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2021-01-17 Epiphany 2B Hearing And Responding To The Voice Of God

2021-01-17 Epiphany 2B Hearing and responding to the voice of God

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Samuel listens to God

 

 

Then the Lord called, ‘Samuel! Samuel!’ and he said, ‘Here I am!’  and ran to Eli, and said, ‘Here I am, for you called me.’

1 Samuel 3:4-5

 

Nathaniel meets Jesus

‘We have found him about whom Moses in the law and also the prophets wrote, Jesus son of Joseph from Nazareth.’ 46 Nathanael said to him, ‘Can anything good come out of Nazareth?’

John 1:45-46

When we read the Scriptures hearing the voice of God sounds quite easy. You lie on your bed and God speaks to you. Or your brother tells you, we have found the Messiah. But even in these two stores we get a sense that hearing God or recognising God’s presence is not that easy. Samuel assumed it was Eli calling him. Nathaniel wondered if anything good could come form the hick town of Nazareth. Our biases and our lack of experience can get in the way of hearing the voice of God or recognising God’s presence. What other things get in the way? Probably the list is enormous.

I remember once, heading off into town for a meeting and thinking, I should ring before I go. But as I was already a bit late, I just decided to get going. When I go into the city, I was told the meeting had been called off. If I hadn’t been in such a hurry I might have listened more to the inner voice and made the phone call. So perhaps business is another thing that interferes with us hearing God’s voice.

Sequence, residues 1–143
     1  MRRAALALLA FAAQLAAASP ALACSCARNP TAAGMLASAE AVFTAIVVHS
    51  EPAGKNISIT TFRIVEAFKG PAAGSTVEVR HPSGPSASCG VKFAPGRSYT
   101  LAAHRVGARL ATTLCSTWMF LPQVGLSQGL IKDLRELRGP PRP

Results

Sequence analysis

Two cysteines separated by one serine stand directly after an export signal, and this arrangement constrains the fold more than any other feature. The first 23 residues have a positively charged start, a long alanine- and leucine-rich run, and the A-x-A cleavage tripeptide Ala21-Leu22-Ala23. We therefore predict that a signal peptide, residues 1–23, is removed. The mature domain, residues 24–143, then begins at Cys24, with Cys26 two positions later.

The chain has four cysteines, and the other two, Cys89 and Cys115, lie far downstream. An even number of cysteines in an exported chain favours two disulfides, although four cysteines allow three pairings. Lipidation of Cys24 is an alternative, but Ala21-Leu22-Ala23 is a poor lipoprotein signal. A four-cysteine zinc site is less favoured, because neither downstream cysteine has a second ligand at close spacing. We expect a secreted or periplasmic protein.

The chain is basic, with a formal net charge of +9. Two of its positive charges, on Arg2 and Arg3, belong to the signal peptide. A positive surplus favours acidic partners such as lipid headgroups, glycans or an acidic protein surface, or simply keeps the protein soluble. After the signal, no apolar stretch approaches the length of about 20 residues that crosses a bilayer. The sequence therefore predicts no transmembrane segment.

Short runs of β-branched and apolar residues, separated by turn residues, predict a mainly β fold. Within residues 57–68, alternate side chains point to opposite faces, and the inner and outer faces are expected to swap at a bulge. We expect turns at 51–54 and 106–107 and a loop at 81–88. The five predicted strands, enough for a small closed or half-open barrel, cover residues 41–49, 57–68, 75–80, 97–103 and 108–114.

Some people who have suffered abuse at the hands of their own father fid talking about God as father off putting. Others who have been abused by someone in the Church may also struggle to see anything good in the Church. Bad experiences then can also hinder our capacity to hear God speaking to us or to perceive the presence of Jesus.  Though when we reflect on the story of Samuel who was sent of at about the age of 4 or 5 to live with the priest in the temple, you might see that as a awful experience. Some children who are sent off to boarding school form a very early age are traumatised by separation form their parents. Yet God’s persistent voice broke through to young Samuel.

On the other hand, we see children that are loved and nurtured by their parents and who learn to pray sitting in the warmth of their parents embrace. For these children coming with this experience are more likely to be open to the presence of God and to hearing God. Our experience, both good and bad can affect our capacity to hear and respond to God.